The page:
Why on some occasions a contractor should be considered
By 2020 half of the workforce in the UK will be made up of contractors (Freelance Union) – proving that contracting is becoming increasingly popular among candidates. Contractors can add value and address business challenges whether it be dealing with transition periods in a business, supporting rapid growth, a changing agenda, covering a key position or a digital transformation. At RE Resource group we have found that clients are turning towards contractors as a solution to the interim problem caused by the uncertainty of Brexit.
The following sections outline the key benefits of hiring contract, interim or temporary workers.
The primary reason to use a contractor rather than employ a full-time member of staff is the flexibility it gives you. Contractors can be hired on a short-term basis, meaning that if a project is completed early or a budget is suddenly cut, then the contractor can quickly move into another role.
This flexibility can also be useful if you have peaks and troughs in workload through the year or a fluctuating order book. This can work significantly better than hiring a permanent member of staff, because if there is a drop-in workload, then there will be no need to make redundancies.
For projects where numbers are needed at short notice, and you suddenly need a large influx of staff, contractors can fill this need. Contractors can be brought on to support a time sensitive project or build a team quickly to support rapid growth. Additionally, when a key staff member leaves, contractors can help support an overloaded department while you search for the right permanent candidate to fill the role.
Engaging a contractor can also be a way to see a candidate in action before engaging them for a longer contract or perhaps even offering them a full-time position.
Specialised skill sets
When you need a specific skill set for a short period of time, for an identified transition project, or because you require a quick turnaround and do not have enough staff in-house, contractors can be the answer.
Many contractors have years of experience in a niche area, meaning you would not need to train them, and they can offer value from the outset.
Engaging a contractor also means that your full- time employees can continue to focus on the core function of the business, while contractors can add the value with their specialised skill sets.
Contractors can also act in a consultancy capacity, giving a fresh set of eyes to company processes and providing suggested improvements that may not have been considered previously. Often contractors have worked in a diverse range companies and industries, giving them a diverse perspective from working in a variety of arenas. This can give contractors a fresh or unique viewpoint and can allow them to evaluate your business and processes from an outside perspective.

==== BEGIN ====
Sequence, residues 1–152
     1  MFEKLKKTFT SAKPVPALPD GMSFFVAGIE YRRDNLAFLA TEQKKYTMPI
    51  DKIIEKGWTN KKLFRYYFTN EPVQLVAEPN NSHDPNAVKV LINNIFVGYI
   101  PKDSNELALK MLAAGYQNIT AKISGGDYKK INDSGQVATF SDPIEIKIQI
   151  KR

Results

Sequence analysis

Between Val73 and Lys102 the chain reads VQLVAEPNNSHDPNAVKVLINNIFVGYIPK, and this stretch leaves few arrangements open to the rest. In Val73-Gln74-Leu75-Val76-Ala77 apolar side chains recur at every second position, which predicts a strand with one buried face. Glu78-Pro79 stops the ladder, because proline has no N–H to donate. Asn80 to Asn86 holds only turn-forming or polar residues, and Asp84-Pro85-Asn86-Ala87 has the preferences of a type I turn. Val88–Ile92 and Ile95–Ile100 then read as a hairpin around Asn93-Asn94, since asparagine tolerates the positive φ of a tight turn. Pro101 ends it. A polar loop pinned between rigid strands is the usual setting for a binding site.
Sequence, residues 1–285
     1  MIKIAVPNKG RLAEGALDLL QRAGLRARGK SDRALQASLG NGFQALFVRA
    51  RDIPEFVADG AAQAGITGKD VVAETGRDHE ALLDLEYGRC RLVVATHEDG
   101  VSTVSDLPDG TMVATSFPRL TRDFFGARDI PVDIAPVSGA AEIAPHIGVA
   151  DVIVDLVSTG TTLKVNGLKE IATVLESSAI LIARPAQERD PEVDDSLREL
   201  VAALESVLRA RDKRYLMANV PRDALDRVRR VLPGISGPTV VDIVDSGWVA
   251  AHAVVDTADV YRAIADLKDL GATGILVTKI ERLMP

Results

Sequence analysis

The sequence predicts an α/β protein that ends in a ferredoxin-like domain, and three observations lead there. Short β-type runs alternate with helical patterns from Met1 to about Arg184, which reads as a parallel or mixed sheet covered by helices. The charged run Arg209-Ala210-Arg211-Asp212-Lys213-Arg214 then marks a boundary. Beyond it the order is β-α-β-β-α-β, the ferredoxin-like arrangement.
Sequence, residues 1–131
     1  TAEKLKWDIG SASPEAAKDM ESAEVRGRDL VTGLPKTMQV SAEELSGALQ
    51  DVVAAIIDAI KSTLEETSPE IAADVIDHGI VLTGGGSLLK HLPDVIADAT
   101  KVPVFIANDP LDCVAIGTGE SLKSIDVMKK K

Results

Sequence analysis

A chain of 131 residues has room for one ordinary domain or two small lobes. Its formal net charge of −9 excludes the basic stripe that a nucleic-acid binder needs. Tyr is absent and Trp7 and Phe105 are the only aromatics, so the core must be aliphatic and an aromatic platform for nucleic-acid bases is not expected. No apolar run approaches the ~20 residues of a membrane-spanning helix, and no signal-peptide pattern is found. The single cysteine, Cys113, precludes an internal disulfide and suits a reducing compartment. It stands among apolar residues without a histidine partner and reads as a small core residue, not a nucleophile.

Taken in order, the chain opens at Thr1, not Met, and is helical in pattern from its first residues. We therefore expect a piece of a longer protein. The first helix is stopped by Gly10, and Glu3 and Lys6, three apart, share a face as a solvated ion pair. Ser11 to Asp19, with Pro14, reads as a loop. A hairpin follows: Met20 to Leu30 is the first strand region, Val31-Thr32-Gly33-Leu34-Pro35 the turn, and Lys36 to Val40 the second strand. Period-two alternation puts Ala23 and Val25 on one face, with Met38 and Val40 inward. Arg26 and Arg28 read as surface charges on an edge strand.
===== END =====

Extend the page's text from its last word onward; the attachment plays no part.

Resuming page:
Although they can cost significantly more per-hour than permanent employees, contractors are a way to save money. Full-time employees may have benefits such as health insurance and retirement contribution costs which can quickly add up in terms of true cost to employ. Recruiting fulltime employees can be a resource-heavy process, especially if you’re determined to find the right permanent candidate for the job. These are not costs associated with contractors, meaning that while their salaries may be higher per hour, they may be cost efficient for the business overall.
Training new staff has a significant resource and time cost to an organisation. Contractors eliminate this cost; if you pick the right contractor, they will have all the skills you need for the role from day one.
Summary of reasons you may use a contractor:
· Need someone for a short-term role.
· A skills gap a contractor could fill.
· Want to utilise a service you don’t need regularly.
· Under-resourced but don’t have enough work for a full-time role.
· Small budget but need big results.
· Need results quickly for a time-sensitive project.
· Have a project that requires specialist knowledge.
Contractors are not right for every situation, but if you have a specific skill gap to fill, are a rapidly growing organisation, or you think you’ll only need a service for a short-term contract, then a contractor could be a better option to meet your hiring needs.
Contract legislation is changing with amendments to IR35 being introduced in April 2020; RE Resource Group in partnership with Brooksons Legal and BPE Solicitors are presenting seminars on how to approach the changes and ensure compliance; if you would like further details on this please contact firstname.lastname@example.org
Published by Chris Rooum – Head of Professional Services at RE Resource Group and Ambrose Recruitment